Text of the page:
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    Homeless shelters prepare for increase in need because of new Florida law

    By Casey Albritton,

    30 days ago

    Non-profits are preparing for a possible growing need to help those without homes.

    In just four months, a new law would make it illegal for people to sleep in public spaces or parks.

    Aaron Swift with the Homeless Leadership Alliance of Pinellas said homelessness is a big problem in the Tampa Bay area.

    "Thirty something years ago, I was homeless here in Pinellas County from the ages of two to six with my mother," said Swift.

    He said it can happen to anyone.

    "It's running out of options. It's dealing with mental health issues. It's substance abuse issues. It's domestic violence issues. There's so many host of factors that lead to the unhoused and homelessness issues," said Swift.

    But with a new Florida law going into effect in October, Swift said it could make things worse.

    The new law prohibits people from sleeping overnight in public places like parks.

    State leaders who support the bill say it will help push people who need help into shelters and programs, but Swift said that could cause more issues.

    "The challenge is a space problem. The shelters, all of our writers are full. There's a waitlist for almost every single one of them," said Swift.

    He said that right now, Pinellas County has a limited number of beds available for people who don't have a home, and the law could be detrimental to those who are already in temporary housing programs.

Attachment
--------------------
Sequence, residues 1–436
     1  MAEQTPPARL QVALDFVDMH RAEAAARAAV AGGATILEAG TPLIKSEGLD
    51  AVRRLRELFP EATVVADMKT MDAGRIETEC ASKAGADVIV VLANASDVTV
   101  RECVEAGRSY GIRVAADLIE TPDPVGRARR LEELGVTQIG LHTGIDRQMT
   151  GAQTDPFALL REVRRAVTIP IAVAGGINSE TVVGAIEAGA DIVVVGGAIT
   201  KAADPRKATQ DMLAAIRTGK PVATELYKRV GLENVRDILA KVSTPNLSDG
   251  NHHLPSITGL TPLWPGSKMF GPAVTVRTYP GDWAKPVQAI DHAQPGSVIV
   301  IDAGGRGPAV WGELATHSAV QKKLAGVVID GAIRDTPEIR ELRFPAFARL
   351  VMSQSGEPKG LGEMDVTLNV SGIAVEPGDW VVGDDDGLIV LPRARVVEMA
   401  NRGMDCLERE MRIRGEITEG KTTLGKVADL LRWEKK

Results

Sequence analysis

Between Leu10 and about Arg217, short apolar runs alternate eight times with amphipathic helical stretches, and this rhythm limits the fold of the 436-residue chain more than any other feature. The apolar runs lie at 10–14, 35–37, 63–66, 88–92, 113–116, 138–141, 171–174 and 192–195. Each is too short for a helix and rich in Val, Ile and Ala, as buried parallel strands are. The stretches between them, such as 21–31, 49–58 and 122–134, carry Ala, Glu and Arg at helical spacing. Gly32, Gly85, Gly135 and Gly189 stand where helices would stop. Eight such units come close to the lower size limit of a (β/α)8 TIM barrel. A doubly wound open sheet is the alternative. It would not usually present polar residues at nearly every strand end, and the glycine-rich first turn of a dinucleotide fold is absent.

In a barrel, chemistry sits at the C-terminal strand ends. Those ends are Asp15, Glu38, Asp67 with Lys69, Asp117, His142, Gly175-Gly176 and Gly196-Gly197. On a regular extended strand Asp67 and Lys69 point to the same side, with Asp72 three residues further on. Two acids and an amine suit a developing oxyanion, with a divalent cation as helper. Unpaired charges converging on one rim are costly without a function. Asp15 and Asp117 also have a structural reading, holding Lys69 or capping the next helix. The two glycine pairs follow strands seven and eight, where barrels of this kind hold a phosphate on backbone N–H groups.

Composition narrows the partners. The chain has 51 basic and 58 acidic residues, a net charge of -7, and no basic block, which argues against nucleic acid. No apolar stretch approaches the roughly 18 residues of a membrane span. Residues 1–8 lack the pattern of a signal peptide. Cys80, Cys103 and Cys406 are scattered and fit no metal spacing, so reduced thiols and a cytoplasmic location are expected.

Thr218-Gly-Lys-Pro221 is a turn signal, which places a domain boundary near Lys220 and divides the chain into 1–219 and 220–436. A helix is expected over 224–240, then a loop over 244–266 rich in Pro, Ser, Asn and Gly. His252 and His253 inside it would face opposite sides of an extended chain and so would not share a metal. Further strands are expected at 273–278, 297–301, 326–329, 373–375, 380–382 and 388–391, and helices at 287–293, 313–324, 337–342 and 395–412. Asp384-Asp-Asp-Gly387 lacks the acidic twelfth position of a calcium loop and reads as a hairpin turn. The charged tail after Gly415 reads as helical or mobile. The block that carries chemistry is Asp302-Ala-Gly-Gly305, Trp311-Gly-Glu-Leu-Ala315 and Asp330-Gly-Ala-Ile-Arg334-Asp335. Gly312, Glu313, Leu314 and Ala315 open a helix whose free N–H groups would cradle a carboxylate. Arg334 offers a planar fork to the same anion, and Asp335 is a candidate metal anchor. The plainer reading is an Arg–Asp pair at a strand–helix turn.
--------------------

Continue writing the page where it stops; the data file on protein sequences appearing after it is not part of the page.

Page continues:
"Finding housing for people is a challenge, so while they're looking for housing, we need shelter. We need places for people to be at so we can help them solve their housing situation," said Joe Pondolfino with Pinellas Hope.

    Housing organizations are now meeting once a month, coming up with ways to prepare.

    "We are having task force meetings regularly with stakeholders from across the spectrum law-enforcement to county commissioners," said Swift.

    "We're just anticipating our need. You know the need for us will be even greater moving forward," said Pondolfino.

    Swift said the meetings are aimed at finding more bed space and gathering funding for programs.

    Pondolfino said his organization has already made some changes, adding 25 tents for those in need.

    Last month, we introduced you to Jimmy Klass, a Floridian who learned he was not a U.S. citizen after living here for 64 years . ABC Action News reporter Katie LaGrone is following through with updates to his story while also sharing the story of another Floridian who learned she was not a U.S. citizen after 60 years in the U.S.

    After nearly 60 years, another Floridian learns she’s not a legal citizen

    Latest Pinellas County News from ABC Action News

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